- Western cultures tend to emphasize passionate, individualistic love.
- Eastern cultures tend to value more collectivistic, companionate love.
These cultural differences may be reflected in different patterns of brain activity during romantic experiences.
Cultural Influences On Attachment Styles
Finally, the study suggests that cultural factors can shape our attachment styles (the way we form emotional bonds with others).
These can then have long-lasting effects on our relationships and mental health.
- People from collectivistic cultures may be more likely to have a secure attachment style based on interdependence and social harmony.
- While people from individualistic cultures may be more likely to have an avoidant or anxious attachment style based on independence and self-reliance.
Gender Differences In Romantic Love
The study also found that gender can play a role in how people experience and express romantic love.
- Women tend to show more activity in brain regions associated with emotional processing and social cognition.
- Men tend to show more activity in regions associated with visual processing and attention.
These gender differences may reflect different evolutionary pressures on men and women when it comes to mate selection and reproduction.
Cross-cultural Similarities In Maternal Love
Despite cultural and gender differences in romantic love, the study found some cross-cultural similarities in the neural mechanisms of maternal love.
Across different cultures, maternal love tends to activate the brain regions involved in reward, motivation, emotion, and social cognition.
Reference: Shih, H.-C., Kuo, M.-E., Wu, C.W., Chao, Y.-P., Huang, H.-W., & Huang, C.-M. (2022). The Neurobiological Basis of Love: A Meta-Analysis of Human Functional Neuroimaging Studies of Maternal and Passionate Love. Brain Sciences, 12(7), 830. https://doi.org/10.3390/brainsci12070830
Does love make us fools?
It seems likely that we may act as “fools” when we are in love. Research suggests when in love, we don’t always think rationally and base many decisions on our primitive brain rather than our thinking brain.
In 2005, a research team led by Fisher published a study that included the first functional MRI (fMRI) images of the brains of individuals in the throes of romantic love. They analyzed 2,500 brain scans of college students looking at pictures of someone special to them.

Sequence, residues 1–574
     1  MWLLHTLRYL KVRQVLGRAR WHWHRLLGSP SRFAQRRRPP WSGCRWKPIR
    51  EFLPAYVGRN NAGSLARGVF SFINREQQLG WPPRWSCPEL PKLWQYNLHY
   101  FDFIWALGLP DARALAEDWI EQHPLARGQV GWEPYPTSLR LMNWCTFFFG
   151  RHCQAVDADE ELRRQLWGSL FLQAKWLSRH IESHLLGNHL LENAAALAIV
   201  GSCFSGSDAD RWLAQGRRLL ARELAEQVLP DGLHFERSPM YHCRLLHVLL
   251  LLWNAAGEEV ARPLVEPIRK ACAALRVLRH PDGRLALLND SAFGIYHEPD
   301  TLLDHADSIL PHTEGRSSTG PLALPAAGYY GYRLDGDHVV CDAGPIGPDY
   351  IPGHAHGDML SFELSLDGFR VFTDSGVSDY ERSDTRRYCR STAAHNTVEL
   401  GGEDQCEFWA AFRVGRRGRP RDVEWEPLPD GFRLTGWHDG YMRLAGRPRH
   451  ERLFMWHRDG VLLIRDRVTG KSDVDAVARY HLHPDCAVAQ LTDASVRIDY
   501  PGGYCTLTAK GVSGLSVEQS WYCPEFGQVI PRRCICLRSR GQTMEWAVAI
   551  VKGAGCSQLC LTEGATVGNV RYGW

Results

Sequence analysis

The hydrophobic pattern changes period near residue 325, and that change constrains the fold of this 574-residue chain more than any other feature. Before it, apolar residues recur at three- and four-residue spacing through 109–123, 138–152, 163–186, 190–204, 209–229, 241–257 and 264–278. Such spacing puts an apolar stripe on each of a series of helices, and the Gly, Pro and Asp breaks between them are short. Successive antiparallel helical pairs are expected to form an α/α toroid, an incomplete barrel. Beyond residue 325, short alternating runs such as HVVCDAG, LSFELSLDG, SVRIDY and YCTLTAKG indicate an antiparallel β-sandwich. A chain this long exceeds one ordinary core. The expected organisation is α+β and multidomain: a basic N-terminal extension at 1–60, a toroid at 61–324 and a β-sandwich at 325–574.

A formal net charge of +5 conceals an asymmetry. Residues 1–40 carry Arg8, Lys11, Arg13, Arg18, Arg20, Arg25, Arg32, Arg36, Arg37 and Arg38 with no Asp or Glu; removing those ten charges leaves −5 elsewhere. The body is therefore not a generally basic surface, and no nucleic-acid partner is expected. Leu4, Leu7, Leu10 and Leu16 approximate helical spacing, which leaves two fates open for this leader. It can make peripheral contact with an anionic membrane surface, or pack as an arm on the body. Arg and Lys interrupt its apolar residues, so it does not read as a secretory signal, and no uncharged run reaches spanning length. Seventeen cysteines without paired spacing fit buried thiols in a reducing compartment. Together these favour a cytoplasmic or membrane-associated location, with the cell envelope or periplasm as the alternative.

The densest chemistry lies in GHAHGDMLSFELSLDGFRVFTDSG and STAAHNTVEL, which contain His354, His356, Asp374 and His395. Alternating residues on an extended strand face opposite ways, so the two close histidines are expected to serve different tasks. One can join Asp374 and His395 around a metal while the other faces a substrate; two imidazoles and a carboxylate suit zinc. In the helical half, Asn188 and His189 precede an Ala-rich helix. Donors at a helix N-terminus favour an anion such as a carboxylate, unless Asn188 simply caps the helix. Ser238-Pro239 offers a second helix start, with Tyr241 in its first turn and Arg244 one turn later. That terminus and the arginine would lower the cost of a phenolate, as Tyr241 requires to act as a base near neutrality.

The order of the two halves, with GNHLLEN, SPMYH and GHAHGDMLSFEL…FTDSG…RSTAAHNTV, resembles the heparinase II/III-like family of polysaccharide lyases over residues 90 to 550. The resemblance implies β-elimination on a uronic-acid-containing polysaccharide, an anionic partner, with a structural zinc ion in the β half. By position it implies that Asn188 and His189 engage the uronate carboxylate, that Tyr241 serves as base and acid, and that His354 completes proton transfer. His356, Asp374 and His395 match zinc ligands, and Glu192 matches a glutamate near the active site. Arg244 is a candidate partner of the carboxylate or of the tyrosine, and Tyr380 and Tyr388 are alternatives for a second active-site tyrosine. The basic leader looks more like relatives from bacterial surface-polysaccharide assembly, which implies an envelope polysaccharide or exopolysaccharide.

The researchers found that primitive areas of the brain were lit up on brain scans when talking about a romantically loved one. This suggested that the neural machinery for making critical assessments of other people, especially those with whom we are romantically involved, shuts down when engaged in romantic love.
What happens in the brain when we fall out of love?
The brain is hardwired to help us fall out of love, and researchers call this process “mate ejection.”
When we fall out of love, the reward centers of the brain (that release dopamine and cause pleasure) stop being stimulated. Falling out of love is also a process of forgetting old habits and connections, which can cause changes in the release patterns of hormones and neurotransmitters associated with pleasure, reward, and bonding. The “out-of-love” brain starts to rewire and stops seeing the partner as a pathway to happiness and excitement.
This also suggests that couples must engage in fun, exciting, and new experiences to get the dopamine and norepinephrine surges to reward their brains and create a feedback loop to reinforce feelings of love and attachment to the other person.
How long does it take for the brain to stop associating pleasure with a former partner?
While there is no fixed timeline for how long it takes for the brain to stop associating pleasure with a former partner, some experts suggest that it can take several months to several years for most people to fully recover from a breakup.
The length and intensity of the relationship, the nature of the breakup, and the level of attachment can all influence how long it takes for the brain to stop associating pleasure with a former partner. Reminders of the ex-partner and certain coping strategies can also prolong the association between pleasure and the ex-partner.
“Around the world, people love. They sing for love, they dance for love, they compose poems and stories about love. … But love isn’t always a happy experience.”– Helen Fisher
In summary, this is what the researchers found by peering into the inner workings of our brains during different types of love, as three take-home messages:
- Love is a rich and intricate experience that engages various brain regions and chemical messengers. While maternal love and passionate love share some neural mechanisms, they also exhibit unique patterns of brain activity and chemical involvement.
- Our cultural and gender backgrounds can shape our experiences and expressions of love, as well as our attachment styles and relationship outcomes. Understanding these differences can help us appreciate the diversity of human experiences and improve our ability to communicate and empathize with others in relationships.
- Neuroimaging techniques such as fMRI and ALE can provide valuable insights into the neural basis of human emotions. Future studies could explore new methods for studying the complex interplay between biology, culture, and psychology in love and relationships.
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Author Bio: Researched and reviewed by Dr. Sandip Roy. His expertise is in mental well-being, positive psychology, narcissism, and Stoic philosophy.